"Year_of_Release"
).sum().plot(kind="bar", rot=45);
```

Now, let's move on to the `Seaborn`

library. `seaborn`

is essentially a higher-level API based on the `matplotlib`

library. Among other things, it differs from the latter in that it contains more adequate default settings for plotting. By adding `import seaborn as sns; sns.set()`

in your code, the images of your plots will become much nicer. Also, this library contains a set of complex tools for visualization that would otherwise (i.e. when using bare `matplotlib`

) require quite a large amount of code.

Let's take a look at the first of such complex plots, a *pairwise relationships plot*, which creates a matrix of scatter plots by default. This kind of plot helps us visualize the relationship between different variables in a single output.

In [8]:

```
# `pairplot()` may become very slow with the SVG format
%config InlineBackend.figure_format = 'png'
sns.pairplot(
df[["Global_Sales", "Critic_Score", "Critic_Count", "User_Score", "User_Count"]]
);
```

As you can see, the distribution histograms lie on the diagonal of the matrix. The remaining charts are scatter plots for the corresponding pairs of features.

It is also possible to plot a distribution of observations with `seaborn`

's `distplot()`

. For example, let's look at the distribution of critics' ratings: `Critic_Score`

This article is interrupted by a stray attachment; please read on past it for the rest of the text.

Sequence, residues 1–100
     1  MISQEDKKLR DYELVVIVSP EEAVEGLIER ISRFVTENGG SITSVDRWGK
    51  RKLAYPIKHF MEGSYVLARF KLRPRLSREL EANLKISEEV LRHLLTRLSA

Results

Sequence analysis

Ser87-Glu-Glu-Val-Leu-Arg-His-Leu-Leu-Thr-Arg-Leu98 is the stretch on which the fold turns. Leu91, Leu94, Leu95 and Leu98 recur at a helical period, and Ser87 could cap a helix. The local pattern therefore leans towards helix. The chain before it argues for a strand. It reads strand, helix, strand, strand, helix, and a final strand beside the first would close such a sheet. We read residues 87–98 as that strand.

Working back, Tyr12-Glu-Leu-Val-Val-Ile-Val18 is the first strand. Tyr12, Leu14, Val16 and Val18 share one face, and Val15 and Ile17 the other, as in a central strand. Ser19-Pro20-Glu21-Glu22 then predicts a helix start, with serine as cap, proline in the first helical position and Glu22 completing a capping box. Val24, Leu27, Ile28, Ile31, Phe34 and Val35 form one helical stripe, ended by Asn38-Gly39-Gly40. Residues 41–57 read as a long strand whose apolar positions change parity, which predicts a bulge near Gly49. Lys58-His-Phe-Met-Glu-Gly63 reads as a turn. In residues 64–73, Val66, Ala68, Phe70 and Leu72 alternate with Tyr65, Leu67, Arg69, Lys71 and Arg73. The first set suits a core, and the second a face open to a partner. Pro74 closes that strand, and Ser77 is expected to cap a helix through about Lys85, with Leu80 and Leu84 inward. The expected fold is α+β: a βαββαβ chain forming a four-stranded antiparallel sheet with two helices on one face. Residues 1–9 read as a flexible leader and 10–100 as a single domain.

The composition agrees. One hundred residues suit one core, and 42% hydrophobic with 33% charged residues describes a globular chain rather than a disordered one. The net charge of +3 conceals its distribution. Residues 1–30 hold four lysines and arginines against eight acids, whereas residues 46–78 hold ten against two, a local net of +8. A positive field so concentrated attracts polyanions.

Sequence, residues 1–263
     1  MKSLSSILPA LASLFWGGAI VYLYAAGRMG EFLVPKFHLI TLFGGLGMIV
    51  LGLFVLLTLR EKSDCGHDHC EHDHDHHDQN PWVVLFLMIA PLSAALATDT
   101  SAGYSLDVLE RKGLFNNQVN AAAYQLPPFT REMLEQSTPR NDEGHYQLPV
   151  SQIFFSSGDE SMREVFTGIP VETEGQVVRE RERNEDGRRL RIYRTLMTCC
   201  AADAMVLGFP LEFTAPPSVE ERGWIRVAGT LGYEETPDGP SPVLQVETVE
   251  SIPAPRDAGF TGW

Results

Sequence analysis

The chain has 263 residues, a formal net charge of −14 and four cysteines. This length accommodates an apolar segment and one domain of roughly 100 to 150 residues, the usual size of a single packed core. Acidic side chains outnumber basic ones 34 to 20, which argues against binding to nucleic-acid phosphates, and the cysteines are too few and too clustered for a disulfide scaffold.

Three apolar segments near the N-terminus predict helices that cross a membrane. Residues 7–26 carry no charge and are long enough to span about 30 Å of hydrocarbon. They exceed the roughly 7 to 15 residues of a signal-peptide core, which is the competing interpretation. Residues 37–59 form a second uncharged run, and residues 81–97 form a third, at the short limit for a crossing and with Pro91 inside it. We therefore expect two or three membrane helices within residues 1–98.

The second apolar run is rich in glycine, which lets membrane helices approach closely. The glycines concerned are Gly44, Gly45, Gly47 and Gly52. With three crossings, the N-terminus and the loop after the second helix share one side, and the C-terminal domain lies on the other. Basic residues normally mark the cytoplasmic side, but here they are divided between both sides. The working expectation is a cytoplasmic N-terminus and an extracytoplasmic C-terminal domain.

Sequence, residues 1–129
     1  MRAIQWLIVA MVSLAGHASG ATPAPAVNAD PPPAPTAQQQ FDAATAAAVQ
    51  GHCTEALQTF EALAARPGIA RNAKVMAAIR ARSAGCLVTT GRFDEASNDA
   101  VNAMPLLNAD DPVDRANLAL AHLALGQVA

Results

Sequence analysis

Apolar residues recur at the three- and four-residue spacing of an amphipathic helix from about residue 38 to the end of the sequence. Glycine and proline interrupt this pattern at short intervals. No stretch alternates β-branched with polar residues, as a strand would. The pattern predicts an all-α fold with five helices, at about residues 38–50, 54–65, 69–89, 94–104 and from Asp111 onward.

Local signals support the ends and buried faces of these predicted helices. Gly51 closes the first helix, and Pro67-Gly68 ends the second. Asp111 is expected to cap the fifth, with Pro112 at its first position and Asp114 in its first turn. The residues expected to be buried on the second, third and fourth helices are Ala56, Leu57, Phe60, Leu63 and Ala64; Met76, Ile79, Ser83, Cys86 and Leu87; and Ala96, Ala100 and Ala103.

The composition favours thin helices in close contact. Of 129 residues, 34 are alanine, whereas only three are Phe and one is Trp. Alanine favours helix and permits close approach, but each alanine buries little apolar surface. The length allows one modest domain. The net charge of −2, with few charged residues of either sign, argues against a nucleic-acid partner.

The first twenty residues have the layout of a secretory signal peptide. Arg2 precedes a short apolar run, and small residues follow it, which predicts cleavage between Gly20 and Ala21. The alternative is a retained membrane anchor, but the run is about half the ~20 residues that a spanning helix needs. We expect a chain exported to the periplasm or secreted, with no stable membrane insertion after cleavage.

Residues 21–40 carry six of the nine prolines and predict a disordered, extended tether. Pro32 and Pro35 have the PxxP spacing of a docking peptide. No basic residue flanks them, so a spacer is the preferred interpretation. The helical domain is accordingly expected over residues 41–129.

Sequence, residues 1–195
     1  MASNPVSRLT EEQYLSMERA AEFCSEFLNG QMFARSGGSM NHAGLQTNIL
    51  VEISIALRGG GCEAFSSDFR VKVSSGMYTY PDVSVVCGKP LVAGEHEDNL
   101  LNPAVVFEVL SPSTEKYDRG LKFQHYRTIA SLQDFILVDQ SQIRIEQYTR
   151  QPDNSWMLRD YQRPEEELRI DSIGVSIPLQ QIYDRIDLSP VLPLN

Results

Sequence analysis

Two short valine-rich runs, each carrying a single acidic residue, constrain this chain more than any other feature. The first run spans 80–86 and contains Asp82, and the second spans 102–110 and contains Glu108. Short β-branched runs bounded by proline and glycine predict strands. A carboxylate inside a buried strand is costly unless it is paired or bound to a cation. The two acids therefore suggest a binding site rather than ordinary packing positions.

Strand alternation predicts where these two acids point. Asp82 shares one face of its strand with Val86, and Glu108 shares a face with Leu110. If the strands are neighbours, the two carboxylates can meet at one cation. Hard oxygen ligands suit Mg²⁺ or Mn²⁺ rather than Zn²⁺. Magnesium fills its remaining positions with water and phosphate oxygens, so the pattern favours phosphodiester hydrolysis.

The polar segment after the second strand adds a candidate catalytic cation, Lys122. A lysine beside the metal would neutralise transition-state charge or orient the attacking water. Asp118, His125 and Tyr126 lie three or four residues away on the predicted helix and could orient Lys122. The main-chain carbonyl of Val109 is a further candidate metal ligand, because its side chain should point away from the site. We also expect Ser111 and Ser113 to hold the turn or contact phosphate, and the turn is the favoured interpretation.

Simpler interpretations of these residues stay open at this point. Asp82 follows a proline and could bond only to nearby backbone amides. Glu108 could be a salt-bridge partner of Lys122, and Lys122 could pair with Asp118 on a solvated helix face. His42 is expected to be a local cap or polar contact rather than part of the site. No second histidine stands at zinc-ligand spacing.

. By default, the plot displays a histogram and the kernel density estimate.

In [9]:

```
%config InlineBackend.figure_format = 'retina'
sns.distplot(df["Critic_Score"]);
```

To look more closely at the relationship between two numerical variables, you can use *joint plot*, which is a cross between a scatter plot and histogram. Let's see how the `Critic_Score`

and `User_Score`

features are related.

In [10]:

```
sns.jointplot(x="Critic_Score", y="User_Score", data=df, kind="scatter");
```

Another useful type of plot is a *box plot*. Let's compare critics' ratings for the top 5 biggest gaming platforms.

In [11]:

```
top_platforms = (
df["Platform"].value_counts().sort_values(ascending=False).head(5).index.values
)
sns.boxplot(
y="Platform",
x="Critic_Score",
data=df[df["Platform"].isin(top_platforms)],
orient="h",
);
```

It is worth spending a bit more time to discuss how to interpret a box plot. Its components are a *box* (obviously, this is why it is called a *box plot*), the so-called *whiskers*, and a number of individual points (*outliers*).

The box by itself illustrates the interquartile spread of the distribution; its length determined by the $25\% \, (\text{Q1})$ and $75\% \, (\text{Q3})$ percentiles. The vertical line inside the box marks the median ($50\%$) of the distribution.

The whiskers are the lines extending from the box. They represent the entire scatter of data points, specifically the points that fall within the interval $(\text{Q1} - 1.5 \cdot \text{IQR}, \text{Q3} + 1.5 \cdot \text{IQR})$, where $\text{IQR} = \text{Q3} - \text{Q1}$ is the interquartile range.

Outliers that fall out of the range bounded by the whiskers are plotted individually.

The last type of plot that we will cover here is a *heat map*. A heat map allows you to view the distribution of a numerical variable over two categorical ones. Let's visualize the total sales of games by genre and gaming platform.

In [12]:

```
platform_genre_sales = (
df.pivot_table(
index="Platform", columns="Genre", values="Global_Sales", aggfunc=sum
)
.fillna(0)
.applymap(float)
)
sns.heatmap(platform_genre_sales, annot=True, fmt=".1f", linewidths=0.5);
```